William Inman came to Upton in 1854, he rented Upton Hall from the Websters while he had a house built on land on Moreton Road between Upton and Moreton. The House was called Harefield House after the Inman's family seat in Harrogate and it was ready by 1860. When William Inman bought the lordship of the manor of Upton from Thomas Webster he renamed the house Upton Manor.
William Inman was born 6th April 1825, and by the time he was 21 he was managing the Richardson ships trading between Liverpool and Philadelphia. On 20 December 1849, he married Anne Brewis, they had nine sons and three daughters.
In 1850 Inman and his partners bought the City of Glasgow, an iron screw steamship recently built at Glasgow, and set up the Liverpool and Philadelphia Steam Ship Company. By 1854 Inman had three steamers, with two others under construction. In 1857 he shifted the American terminus for most of his sailings to New York and changed the name of his firm to the Liverpool, New York and Philadelphia Steam Ship Company, although it was always popularly known as the Inman Line.
The Inman Line reached its peak in 1870 when its eighteen ships carried 44,000 passengers, mostly emigrants, to New York.
In 1875 he had the house extended, including the viewing tower, this enabled him to look out over the Mersey to see when one of his ships was coming in. William lived in the Manor House until his death on 3rd July 1881.
William's widow, Anne, lived in the house for a short time before moving to Liverpool. The estate, including the house was sold to 'The Upton Land Company' on 31st October 1883.
The house and some of the land was sold to another ship owner, Ralph Watts Leyland, in 1884. Ralph Leyland, with his younger brother, had been insurance brokers in Liverpool and in 1875 they bought their first vessel, the Doxford, an iron sailing ship of 682tons. By 1881 they owned six second hand sailing ships, and in that year they ordered their first new vessel, the Grassendale, an iron sailing ship of 1760tons.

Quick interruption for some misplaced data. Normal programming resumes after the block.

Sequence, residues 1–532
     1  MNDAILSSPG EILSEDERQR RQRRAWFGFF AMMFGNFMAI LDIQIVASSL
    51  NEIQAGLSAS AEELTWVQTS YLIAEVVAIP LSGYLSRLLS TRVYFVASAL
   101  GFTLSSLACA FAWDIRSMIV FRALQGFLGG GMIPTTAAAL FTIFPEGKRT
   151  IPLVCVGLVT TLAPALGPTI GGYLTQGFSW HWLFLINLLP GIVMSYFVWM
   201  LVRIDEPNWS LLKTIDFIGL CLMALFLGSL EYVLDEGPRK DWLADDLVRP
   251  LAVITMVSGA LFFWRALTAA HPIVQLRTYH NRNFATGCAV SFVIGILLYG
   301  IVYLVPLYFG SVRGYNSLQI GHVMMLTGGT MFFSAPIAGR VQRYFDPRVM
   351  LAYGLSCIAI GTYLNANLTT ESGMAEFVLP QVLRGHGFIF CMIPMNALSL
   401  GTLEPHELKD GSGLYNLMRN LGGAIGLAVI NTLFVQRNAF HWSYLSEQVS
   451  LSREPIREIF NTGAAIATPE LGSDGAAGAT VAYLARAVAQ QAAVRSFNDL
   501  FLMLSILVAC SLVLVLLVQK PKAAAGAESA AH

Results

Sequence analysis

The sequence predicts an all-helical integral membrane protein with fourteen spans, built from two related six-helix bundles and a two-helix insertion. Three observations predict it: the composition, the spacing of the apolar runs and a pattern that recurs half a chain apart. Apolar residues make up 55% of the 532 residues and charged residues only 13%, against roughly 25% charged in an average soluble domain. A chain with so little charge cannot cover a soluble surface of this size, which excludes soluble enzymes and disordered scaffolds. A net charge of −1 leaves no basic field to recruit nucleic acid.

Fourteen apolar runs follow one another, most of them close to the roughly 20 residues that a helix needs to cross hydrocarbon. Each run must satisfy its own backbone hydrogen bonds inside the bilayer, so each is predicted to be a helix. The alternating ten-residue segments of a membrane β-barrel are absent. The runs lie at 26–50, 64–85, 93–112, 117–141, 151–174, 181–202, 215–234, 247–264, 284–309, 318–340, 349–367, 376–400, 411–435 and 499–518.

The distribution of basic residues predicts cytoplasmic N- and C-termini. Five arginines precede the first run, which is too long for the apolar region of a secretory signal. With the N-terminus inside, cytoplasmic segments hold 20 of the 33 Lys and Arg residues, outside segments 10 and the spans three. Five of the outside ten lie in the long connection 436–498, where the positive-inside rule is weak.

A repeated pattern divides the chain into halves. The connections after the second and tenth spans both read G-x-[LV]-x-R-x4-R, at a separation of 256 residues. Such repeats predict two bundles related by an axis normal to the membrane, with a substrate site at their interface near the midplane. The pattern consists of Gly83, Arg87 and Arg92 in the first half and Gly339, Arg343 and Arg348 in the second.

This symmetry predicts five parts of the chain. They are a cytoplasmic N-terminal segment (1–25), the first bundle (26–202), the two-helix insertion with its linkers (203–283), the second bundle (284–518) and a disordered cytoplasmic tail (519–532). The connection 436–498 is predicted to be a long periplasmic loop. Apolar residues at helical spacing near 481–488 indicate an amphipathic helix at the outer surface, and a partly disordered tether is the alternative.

In 1893 Mr Leyland discovered that all was not well with his shipping business. In order to save money he moved to the family home in Grassendale, and the Manor was let to Colonel Herbert J Robinson for three years at a rent of £400 per year. Colonel Robinson was commander of the 6th Lancashire Volunteer Artillery based in Altcar.
Following Colonel Robinson's departure, the house was again empty for four years, during this time Mr Leyland tried to sell the house. An advert placed by Waterhouse, Sons & Co in the Liverpool Courier on 29th March 1897 described the house as follows:
...a handsome stone-built mansion with stabling for five horses, harness room, coachhouse with coachman's rooms over, extensive and well stocked fruit, flower and vegetable gardens, pleasure grounds, Italian garden with fountain, conservatory, range of glass houses, pine plantation and paddock, comprising in all between twelve and thirteen acres. The house, which is approached by a handsome well planted carriage drive, stands on high ground and commands beautiful views over Wirral. It contains on the ground floor a square entrance hall lighted by a dome, noble dining room (30ft x 22ft), drawing room (42ft x 30ft), billiard room, library and morning room, servants hall, lavatory, kitchen scullery and other domestic offices. On the first floor are nine bedrooms, boudoir, three bathrooms, two dressing rooms, linen closet etc. Above are nine bedrooms and several store rooms...